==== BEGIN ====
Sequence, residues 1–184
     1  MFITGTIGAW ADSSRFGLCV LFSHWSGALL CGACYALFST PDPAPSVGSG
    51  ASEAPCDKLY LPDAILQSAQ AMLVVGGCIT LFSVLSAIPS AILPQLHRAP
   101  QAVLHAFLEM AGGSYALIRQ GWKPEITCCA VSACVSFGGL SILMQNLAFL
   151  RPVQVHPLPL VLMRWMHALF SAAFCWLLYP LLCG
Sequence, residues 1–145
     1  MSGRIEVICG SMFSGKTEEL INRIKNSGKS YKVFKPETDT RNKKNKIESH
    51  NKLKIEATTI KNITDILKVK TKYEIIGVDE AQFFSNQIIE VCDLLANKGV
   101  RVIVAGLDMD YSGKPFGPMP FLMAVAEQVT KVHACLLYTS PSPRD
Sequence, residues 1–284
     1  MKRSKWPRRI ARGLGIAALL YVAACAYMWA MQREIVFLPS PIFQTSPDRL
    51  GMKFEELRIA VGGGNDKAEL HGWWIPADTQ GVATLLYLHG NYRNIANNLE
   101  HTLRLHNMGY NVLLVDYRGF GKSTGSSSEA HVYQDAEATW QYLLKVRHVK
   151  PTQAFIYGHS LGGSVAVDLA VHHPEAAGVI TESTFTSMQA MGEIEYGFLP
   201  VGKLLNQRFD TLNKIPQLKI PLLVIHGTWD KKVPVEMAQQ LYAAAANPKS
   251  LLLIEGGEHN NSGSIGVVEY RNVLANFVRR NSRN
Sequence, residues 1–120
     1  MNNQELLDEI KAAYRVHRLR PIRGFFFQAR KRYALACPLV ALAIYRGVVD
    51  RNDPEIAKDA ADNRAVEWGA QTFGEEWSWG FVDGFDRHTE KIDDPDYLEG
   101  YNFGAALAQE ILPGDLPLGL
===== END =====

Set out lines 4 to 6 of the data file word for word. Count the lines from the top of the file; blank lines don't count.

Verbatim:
   101  QAVLHAFLEM AGGSYALIRQ GWKPEITCCA VSACVSFGGL SILMQNLAFL
   151  RPVQVHPLPL VLMRWMHALF SAAFCWLLYP LLCG
Sequence, residues 1–145